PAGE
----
Offering more than 2 million square feet of exhibition space and ample parking, Cleveland’s I-X Center has been home to the I-X Indoor Amusement Park, the I-X Piston Powered Auto-Rama and other shows with rights owned by the I-X Center Corp., which handled day-to-day operations and leased the mammoth facility from the city. However, the I-X Center also hosted shows produced by outside organizations, such as the Cleveland Boat Show, Cleveland Auto Show, Ohio RV Supershow, Great Big Home + Garden Show and Cleveland Home + Remodeling Expo — shows that often take up 750,000 square feet of exhibit space or more, with indoor attractions and displays that are so large the I-X Center is one of the few venues in the nation that can accommodate them.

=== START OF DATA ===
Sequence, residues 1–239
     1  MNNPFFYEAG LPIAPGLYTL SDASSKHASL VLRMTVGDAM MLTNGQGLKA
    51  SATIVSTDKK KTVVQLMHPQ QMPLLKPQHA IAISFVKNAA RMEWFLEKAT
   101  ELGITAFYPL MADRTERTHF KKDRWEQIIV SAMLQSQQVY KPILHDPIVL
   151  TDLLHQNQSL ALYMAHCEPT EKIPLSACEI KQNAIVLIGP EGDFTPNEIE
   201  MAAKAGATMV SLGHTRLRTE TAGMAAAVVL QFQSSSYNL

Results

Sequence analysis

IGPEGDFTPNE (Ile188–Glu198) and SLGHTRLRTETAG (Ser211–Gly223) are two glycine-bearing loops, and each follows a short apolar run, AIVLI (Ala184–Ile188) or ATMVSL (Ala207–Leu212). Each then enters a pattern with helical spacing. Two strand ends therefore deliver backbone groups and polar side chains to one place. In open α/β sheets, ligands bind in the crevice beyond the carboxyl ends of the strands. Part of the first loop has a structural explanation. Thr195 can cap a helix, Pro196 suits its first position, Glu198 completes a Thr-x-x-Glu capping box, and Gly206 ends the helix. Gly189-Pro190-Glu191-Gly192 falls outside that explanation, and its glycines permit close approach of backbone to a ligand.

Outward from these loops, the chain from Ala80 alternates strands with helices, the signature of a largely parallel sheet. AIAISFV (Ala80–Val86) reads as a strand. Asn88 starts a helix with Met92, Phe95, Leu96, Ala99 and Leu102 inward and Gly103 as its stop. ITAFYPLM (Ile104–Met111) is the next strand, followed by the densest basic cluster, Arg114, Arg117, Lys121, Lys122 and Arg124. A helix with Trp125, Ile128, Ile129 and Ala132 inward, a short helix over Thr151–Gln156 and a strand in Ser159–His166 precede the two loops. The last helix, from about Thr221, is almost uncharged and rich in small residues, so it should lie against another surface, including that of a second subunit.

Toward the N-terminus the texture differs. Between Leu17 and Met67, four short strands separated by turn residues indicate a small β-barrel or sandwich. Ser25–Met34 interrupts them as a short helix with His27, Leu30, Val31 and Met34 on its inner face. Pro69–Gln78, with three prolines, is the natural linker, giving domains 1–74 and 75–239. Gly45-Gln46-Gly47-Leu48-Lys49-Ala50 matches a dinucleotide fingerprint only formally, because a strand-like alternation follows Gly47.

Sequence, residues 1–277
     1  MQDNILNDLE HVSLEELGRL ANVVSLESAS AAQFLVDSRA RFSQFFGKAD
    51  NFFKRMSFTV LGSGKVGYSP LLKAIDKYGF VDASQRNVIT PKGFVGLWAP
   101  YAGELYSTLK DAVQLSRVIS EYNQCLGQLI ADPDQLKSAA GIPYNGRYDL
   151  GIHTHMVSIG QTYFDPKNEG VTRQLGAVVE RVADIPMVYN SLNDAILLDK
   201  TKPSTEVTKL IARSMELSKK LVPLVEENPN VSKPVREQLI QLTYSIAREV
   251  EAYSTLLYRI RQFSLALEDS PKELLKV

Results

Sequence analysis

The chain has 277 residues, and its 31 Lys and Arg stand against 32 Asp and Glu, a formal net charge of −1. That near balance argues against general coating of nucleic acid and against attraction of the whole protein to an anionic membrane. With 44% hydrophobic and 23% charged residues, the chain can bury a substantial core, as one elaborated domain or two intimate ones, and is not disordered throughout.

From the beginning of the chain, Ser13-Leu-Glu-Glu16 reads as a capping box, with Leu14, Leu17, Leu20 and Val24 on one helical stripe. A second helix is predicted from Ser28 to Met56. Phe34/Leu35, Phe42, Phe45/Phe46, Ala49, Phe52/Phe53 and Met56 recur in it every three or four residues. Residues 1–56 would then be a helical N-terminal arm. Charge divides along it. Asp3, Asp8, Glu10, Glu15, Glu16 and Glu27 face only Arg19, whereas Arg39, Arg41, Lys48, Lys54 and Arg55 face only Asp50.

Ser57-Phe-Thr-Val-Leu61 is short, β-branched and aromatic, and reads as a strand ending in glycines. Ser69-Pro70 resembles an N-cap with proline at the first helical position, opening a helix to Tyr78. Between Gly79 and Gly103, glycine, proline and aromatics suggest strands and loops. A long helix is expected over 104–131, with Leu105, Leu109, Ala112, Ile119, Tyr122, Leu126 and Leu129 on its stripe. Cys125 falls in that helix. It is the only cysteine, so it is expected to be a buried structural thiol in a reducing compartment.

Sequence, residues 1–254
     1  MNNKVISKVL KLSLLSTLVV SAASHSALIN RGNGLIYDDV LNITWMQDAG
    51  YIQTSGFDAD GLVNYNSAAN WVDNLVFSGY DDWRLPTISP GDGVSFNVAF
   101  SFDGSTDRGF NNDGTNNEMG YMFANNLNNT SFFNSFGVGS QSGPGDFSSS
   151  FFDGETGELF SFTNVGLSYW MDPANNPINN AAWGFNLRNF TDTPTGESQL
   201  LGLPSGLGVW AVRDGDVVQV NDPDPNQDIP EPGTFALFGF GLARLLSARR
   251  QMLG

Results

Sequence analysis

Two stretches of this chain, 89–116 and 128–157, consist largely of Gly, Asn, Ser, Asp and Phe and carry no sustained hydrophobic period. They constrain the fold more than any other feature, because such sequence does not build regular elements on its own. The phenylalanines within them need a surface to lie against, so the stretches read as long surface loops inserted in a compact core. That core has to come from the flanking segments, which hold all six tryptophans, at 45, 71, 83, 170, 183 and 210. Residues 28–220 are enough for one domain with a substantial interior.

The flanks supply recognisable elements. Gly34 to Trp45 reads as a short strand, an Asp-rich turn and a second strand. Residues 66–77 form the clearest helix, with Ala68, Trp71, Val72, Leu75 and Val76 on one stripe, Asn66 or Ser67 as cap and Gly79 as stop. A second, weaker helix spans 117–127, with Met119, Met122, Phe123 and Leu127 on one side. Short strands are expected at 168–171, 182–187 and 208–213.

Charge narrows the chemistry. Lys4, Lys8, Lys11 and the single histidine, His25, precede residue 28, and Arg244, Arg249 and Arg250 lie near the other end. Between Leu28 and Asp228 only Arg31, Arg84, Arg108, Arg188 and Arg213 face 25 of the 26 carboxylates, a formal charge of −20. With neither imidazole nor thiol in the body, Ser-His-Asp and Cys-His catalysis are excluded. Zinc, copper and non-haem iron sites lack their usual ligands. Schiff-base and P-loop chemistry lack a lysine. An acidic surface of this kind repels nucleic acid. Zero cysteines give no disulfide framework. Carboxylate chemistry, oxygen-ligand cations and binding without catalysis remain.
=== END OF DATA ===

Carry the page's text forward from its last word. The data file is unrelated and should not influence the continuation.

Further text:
In what may be perceived as a further distancing between large show producers and the I-X Center, at least two show producers sued the I-X Center Corp. in December in a bid to have the organization honor contracts that run through 2024. The Automobile Dealers’ Educational Assistance Foundation, the group behind the Cleveland Auto Show and an arm of the Greater Cleveland Automobile Dealers’ Association, wants access to the facility and the ability after 2021 to stage its show there in subsequent years until 2024 from late February to early March. The Great Lakes Recreational Vehicle Association filed a similar suit to hold its Ohio RV Supershow at the I-X Center in 2022, 2023 and 2024 as well.